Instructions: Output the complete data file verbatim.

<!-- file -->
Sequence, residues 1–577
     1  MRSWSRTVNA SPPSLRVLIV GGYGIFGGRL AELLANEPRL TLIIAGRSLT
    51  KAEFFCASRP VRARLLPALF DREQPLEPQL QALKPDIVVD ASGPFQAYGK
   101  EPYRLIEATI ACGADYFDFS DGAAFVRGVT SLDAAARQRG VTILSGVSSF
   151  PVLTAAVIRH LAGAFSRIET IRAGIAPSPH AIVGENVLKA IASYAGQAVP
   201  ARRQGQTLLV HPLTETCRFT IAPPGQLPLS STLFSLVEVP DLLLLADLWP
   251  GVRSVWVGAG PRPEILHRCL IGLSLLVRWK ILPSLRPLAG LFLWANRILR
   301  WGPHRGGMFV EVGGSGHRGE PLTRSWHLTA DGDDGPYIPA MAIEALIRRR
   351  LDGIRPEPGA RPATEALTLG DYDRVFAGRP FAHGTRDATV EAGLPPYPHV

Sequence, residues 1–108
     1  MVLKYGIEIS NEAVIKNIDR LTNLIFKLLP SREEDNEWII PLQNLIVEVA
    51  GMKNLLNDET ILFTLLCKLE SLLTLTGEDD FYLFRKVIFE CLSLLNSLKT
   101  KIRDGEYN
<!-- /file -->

Sequence, residues 1–577
     1  MRSWSRTVNA SPPSLRVLIV GGYGIFGGRL AELLANEPRL TLIIAGRSLT
    51  KAEFFCASRP VRARLLPALF DREQPLEPQL QALKPDIVVD ASGPFQAYGK
   101  EPYRLIEATI ACGADYFDFS DGAAFVRGVT SLDAAARQRG VTILSGVSSF
   151  PVLTAAVIRH LAGAFSRIET IRAGIAPSPH AIVGENVLKA IASYAGQAVP
   201  ARRQGQTLLV HPLTETCRFT IAPPGQLPLS STLFSLVEVP DLLLLADLWP
   251  GVRSVWVGAG PRPEILHRCL IGLSLLVRWK ILPSLRPLAG LFLWANRILR
   301  WGPHRGGMFV EVGGSGHRGE PLTRSWHLTA DGDDGPYIPA MAIEALIRRR
   351  LDGIRPEPGA RPATEALTLG DYDRVFAGRP FAHGTRDATV EAGLPPYPHV

Sequence, residues 1–108
     1  MVLKYGIEIS NEAVIKNIDR LTNLIFKLLP SREEDNEWII PLQNLIVEVA
    51  GMKNLLNDET ILFTLLCKLE SLLTLTGEDD FYLFRKVIFE CLSLLNSLKT
   101  KIRDGEYN